Science Wednesday: The “Kissing Bugs”

by Katie Bowell, Curator of Interpretation

Since it’s close to Valentine’s Day, I thought it would be appropriate to talk about one of my favorite groups of insects: the “kissing bugs.”

What are the “kissing bugs?” Large, predatory insects.

You wouldn’t think they were predators to look at them – with their long, bent mouthparts and lumbering gait, these bugs seem more like miniature elephants than killers, but killers (or at least blood suckers) they are.

Kissing bugs belong to the insect family Reduviidae, and Reduviids are famous for using their long, elephant-esque mouthparts to inject lethal saliva into their prey.  The saliva liquifies their meal from the inside out, and the insects then use their mouthparts to suck up the liquid goo. If you’ve ever come to the museum’s “Meet the Animals” program, you may have seen some Reduviid insects: our Assassin Bugs.

Two-spotted Assassin bugs

So what does this have to do with kissing?

One group of the Reduviid insects are the kissing bugs.

Kissing bugs don’t liquefy their prey; they feed on their blood, instead. Kissing bugs bite people at night, creeping out from cracks in the walls and floor to crawl over people as they sleep. Because kissing bugs are attracted to the carbon dioxide we exhale, they often bite around the mouth, nose and cheeks – where a nicer animal would only give us a kiss.

If all the kissing bugs did was bite the occasional sleeper, it would be itchy and annoying, but not that big a deal. But kissing bugs do more than just kiss…erm…bite: in Mexico, Central and South America they can transmit Chagas Disease.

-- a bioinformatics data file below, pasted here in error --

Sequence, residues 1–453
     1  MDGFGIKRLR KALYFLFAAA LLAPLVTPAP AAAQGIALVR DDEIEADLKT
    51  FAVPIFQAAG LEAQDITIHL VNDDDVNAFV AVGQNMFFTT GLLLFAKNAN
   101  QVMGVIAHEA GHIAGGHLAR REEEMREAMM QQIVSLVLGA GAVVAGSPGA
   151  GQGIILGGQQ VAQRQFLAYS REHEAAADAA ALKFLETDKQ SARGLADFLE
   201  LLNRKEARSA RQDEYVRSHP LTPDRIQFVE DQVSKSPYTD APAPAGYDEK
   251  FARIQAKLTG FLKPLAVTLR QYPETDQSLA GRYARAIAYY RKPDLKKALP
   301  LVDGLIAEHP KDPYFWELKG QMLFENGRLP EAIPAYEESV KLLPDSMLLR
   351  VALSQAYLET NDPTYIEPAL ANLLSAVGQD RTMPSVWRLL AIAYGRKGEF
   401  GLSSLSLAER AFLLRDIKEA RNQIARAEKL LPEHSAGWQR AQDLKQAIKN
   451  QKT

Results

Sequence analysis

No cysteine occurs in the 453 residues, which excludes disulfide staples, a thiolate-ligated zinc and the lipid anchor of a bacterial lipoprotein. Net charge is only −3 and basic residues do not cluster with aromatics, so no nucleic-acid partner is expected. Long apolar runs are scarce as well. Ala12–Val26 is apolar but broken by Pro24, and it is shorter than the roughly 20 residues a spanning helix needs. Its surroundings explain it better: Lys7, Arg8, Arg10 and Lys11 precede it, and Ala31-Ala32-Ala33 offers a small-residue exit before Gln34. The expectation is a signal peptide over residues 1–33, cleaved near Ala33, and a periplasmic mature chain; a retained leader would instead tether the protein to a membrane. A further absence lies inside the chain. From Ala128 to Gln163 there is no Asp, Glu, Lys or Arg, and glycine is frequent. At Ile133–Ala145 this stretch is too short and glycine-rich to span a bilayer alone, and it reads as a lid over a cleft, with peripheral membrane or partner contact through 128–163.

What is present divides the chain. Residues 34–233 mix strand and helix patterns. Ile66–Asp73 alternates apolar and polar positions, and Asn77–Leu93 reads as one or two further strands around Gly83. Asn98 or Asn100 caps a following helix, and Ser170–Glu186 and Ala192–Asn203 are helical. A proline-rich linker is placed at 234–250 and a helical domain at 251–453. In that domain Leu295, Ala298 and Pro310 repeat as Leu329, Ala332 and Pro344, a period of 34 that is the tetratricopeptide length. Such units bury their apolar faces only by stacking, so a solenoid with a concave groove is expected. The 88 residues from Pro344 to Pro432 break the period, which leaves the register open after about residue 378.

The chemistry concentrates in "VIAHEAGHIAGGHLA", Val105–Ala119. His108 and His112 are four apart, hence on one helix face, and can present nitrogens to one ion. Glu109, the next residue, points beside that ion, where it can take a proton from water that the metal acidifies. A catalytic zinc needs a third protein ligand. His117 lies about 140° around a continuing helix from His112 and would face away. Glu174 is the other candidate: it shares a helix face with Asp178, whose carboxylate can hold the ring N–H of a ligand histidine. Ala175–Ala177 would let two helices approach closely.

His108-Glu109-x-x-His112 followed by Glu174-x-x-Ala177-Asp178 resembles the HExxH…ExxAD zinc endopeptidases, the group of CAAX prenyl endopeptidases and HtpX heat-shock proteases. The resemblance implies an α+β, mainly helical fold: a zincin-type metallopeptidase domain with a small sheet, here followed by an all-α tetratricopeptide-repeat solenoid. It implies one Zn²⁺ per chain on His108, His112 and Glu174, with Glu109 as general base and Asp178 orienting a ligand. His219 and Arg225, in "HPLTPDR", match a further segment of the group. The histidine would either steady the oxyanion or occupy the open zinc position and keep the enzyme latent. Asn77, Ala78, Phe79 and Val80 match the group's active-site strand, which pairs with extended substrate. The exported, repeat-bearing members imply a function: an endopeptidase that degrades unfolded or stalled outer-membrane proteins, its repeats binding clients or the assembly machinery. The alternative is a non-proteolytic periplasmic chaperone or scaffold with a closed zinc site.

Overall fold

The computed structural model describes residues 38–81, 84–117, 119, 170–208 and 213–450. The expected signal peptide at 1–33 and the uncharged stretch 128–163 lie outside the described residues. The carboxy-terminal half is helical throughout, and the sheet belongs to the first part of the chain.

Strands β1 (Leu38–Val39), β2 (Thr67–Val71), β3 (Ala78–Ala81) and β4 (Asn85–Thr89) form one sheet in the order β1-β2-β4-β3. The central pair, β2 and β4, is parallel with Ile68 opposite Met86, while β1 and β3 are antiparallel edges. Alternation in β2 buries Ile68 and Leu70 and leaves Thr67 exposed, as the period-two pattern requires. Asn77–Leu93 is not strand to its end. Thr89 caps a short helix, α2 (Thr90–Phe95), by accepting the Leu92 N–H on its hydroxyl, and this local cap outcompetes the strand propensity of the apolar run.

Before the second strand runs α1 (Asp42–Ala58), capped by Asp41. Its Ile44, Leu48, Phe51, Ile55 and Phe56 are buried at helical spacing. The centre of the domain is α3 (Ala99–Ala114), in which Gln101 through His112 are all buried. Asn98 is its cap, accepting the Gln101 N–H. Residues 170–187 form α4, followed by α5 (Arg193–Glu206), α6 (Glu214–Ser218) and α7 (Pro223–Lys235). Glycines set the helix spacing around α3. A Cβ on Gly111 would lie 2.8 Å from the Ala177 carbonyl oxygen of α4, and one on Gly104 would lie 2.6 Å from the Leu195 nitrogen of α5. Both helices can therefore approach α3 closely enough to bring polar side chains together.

Every time kissing bugs come out at night to feed, they also poop. In order to fill their bodies with blood, they have to empty out all their waste. Often, along with defecating regular frass (what you call “poop” when you’re an insect), kissing bugs also expel the tiny Trypanosoma cruzi, which is the cause of Chagas Disease. If T. cruzi enters the bitee’s bloodstream, the parasites multiply in the blood and then infect organs throughout the body. Left untreated, the disease can damage the nervous system, digestive system and heart, and can be fatal.

Trypanosoma cruzi


Trypanosoma cruzi in the blood

Along with having a romantic name (if not a romantic reality), there’s another reason talking about kissing bugs in February is appropriate. While it’s never been proven, many people suspect that Charles Darwin, whose birthday is this Saturday, died of complications from Chagas Disease. In Darwin’s The Voyage of the Beagle, he writes

At night I experienced an attack (for it deserves no less a name) of the Benchuca, a species of Reduvius, the great black bug of the Pampas. It is most disgusting to feel soft wingless insects, about an inch long, crawling over one’s body. Before sucking they are quite thin, but afterwards they become round and bloated with blood, and in this state are easily crushed. One which I caught at Iquique, (for they are found in Chile and Peru,) was very empty. When placed on a table, and though surrounded by people, if a finger was presented, the bold insect would immediately protrude its sucker, make a charge, and if allowed, draw blood. No pain was caused by the wound. It was curious to watch its body during the act of sucking, as in less than ten minutes it changed from being as flat as a wafer to a globular form. This one feast, for which the benchuca was indebted to one of the officers, kept it fat during four whole months; but, after the first fortnight, it was quite ready to have another suck.”

So this Valentine’s Day, feel free to spread the kisses around, but try to avoid any insects that want to “kiss” you back!


February 2011
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